My Oldest and Dearest

By

I sometimes watch my co-workers as they search desperately for friendship and have to shake my head. Hitting singles bars, parties, even church groups, desperate to find someone…anyone to keep them from being alone. It makes me sad to think that many of them don’t realize that there is an almost entirely forgotten generation, most of whom are even lonelier than they.

Mrs. Vick had been my mother’s dearest friend. She’d been our neighbor for many years in the rundown apartment complexes of the Portland suburbs. Neither woman had been in the best of health, both were dirt poor and barely able to pay their bills. They had formed a bond, of sorts, out of desperation.

When one was feeling well enough to make the half-mile walk to the store, there would be a knock on the other’s door, asking if she needed food, or maybe a prescription filled. When the end of the month neared, and groceries grew short, cupboards would be opened, refrigerators emptied and casseroles or pots of soup made with whatever ingredients were available between them. They laughed together over I Love Lucy and cried together over All My Children.

In this way, two aging women, alone in the world except for the children they were raising on their own, found a way to survive.

When the power would go out in the dead of winter, we would bundle up in old quilts, troupe down to Mrs. Vick’s apartment and huddle around her ancient kerosene heater. When summer baked the cracked sidewalks and weed-ridden dirt lawns, Mrs. Vick would bring a pitcher of iced lemonade and sit on the balcony of our second-story apartment with us, hoping to catch the errant breeze.

This was the way of things until my senior year in high school, when Mrs. Vick suddenly moved away. Her health had deteriorated until she was forced to move in with her eldest daughter. That fall, shortly before Thanksgiving, our seedy old apartment building caught fire and burned to the ground.

Everything we owned was consumed, clothing, furniture and the few family heirlooms we possessed, when the ancient wiring finally gave out and ignited within the walls. The insurance company wrote us a small check, and Mother and I moved into a nearby rental house. Shortly afterwards, following a long battle with her failing kidneys, Mother passed away. I grieved, of course, but I knew that she was happy to be free from her thrice-weekly dialysis regimes, which had come to be a nightmare for both of us.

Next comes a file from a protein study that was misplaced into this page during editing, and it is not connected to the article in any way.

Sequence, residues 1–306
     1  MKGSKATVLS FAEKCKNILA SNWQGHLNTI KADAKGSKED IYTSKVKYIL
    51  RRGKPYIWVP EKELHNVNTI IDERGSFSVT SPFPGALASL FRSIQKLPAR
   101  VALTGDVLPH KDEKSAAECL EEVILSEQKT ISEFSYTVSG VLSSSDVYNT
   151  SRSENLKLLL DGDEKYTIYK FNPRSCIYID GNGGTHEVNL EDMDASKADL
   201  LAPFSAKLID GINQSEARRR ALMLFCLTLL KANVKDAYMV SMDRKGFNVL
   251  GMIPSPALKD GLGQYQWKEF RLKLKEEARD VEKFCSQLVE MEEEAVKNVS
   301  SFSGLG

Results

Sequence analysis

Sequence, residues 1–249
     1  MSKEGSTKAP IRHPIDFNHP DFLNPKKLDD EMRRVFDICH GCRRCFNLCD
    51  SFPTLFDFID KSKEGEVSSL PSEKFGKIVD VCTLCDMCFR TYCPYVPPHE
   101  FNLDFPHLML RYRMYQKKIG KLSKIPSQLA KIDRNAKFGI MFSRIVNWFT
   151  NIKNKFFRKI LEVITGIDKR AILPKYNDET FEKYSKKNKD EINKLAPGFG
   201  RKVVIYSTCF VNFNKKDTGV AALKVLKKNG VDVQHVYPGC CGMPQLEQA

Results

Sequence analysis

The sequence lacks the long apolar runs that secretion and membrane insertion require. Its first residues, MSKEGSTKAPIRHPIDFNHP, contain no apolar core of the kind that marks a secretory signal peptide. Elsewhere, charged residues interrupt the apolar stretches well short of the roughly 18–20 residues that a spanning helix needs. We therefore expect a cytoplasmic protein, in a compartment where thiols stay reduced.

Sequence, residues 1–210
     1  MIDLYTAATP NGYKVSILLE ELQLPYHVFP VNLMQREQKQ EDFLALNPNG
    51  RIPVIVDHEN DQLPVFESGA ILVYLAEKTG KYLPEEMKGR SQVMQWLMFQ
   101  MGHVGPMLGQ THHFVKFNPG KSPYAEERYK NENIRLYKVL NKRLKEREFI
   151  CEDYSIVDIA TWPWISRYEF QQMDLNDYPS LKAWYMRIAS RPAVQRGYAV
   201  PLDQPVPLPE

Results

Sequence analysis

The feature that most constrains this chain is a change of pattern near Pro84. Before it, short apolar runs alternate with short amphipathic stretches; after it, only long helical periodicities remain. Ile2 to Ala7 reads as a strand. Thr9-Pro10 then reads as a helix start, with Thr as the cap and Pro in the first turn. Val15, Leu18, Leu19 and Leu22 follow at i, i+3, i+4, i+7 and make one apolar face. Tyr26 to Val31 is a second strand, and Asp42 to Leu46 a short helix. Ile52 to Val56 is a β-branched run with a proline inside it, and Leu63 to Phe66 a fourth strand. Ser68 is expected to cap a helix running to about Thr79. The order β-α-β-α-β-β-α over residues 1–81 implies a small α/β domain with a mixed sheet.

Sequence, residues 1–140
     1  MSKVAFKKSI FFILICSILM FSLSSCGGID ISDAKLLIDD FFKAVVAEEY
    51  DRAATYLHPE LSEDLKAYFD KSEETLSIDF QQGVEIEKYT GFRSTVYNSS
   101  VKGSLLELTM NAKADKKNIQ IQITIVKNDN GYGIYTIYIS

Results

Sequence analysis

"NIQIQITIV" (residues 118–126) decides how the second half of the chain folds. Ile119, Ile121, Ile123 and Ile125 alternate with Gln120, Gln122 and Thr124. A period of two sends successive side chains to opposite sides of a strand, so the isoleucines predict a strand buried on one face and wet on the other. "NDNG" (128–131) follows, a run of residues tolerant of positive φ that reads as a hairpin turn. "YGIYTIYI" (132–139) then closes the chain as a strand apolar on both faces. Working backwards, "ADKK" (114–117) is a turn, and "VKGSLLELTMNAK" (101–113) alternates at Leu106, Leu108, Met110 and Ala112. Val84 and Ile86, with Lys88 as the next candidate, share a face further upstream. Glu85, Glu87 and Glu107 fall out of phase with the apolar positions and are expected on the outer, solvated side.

Three years later I was finishing nursing school and had taken a night position at a local eldercare facility. As I made the morning rounds with my medication tray, the name on the door of room 201 caught my eye…

Elizabeth Vick.

I knocked softly on the door and entered and, sure enough, it was the same Mrs. Vick who had shared our struggles through all of those summers and winters. Her white hair was thinning, and her frail hands shook with palsy now, but the same tough, resilient spark shone in her eyes. She remembered me, of course, and was overjoyed to have me sit at her bedside and talk about the “old days” with her.

I spent many breaks and lunches in room 201, reading Mrs. Vick the latest letter from her daughters, and telling her about the comings and goings of my life, to which she listened with rapt attention.

One day I mentioned the fire that had destroyed all of our belongings, and Mrs. Vick suddenly began to cry, small tears slowly tracking down her weathered cheeks. She pointed to the small closet on the far wall of her room and told me to look inside the cardboard box in the far corner.

Inside were a number of old keepsakes, including a cheap cardboard photo album.

This she asked me to bring to her, which I did, and she turned the pages slowly until she found the one she was looking for and handed the album to me.

Now it was my turn to cry! There, under a yellowing sheet of plastic, were the only four remaining pictures of my mother to exist anywhere. Two were summer shots of the balcony (both taken by me with Mrs. Vick’s old Konica), the third was of my 12th birthday party and the last picture was from an early Christmas. In this last photo, I sat in my mother’s lap, smiling hugely, as her arms were wrapped tight around my tiny shoulders, and her head rested against my own. On her face was the sweet smile that sometimes seemed so hard to remember.

With a trembling hand, Mrs. Vick removed the old photo from the book and handed it to me.

“Sometimes,” she whispered, “God makes us find our gifts from Him. I never would have remembered these pictures if you hadn’t come and sat with me everyday.”

I leaned down and took her frail body in my arms, our tears mingling as I squeezed her as hard as I dared.

That was almost three years ago. I’ve switched jobs twice, and moved once, but I’ve never forgotten Mrs. Vick. I still drive out to that nursing home two or three times a week.

In the summer, when the air conditioners in the new building make the rooms just a little too cool for her failing circulation, I’ll bring bottles of sugar-free lemonade, and we’ll sit on the shady veranda and watch the Columbia river roll by. We read letters from her daughters (and granddaughters), talk about life as it used to be, and sometimes we just sit and enjoy the warmth.

On my desk at home sit three frames. The largest, in the center, holds my nursing certificate. To the right is a small photo of a smiling little girl in her mother’s lap, and on the right is that same child, many years later, sharing a lemonade with her oldest and dearest friend.

About this writer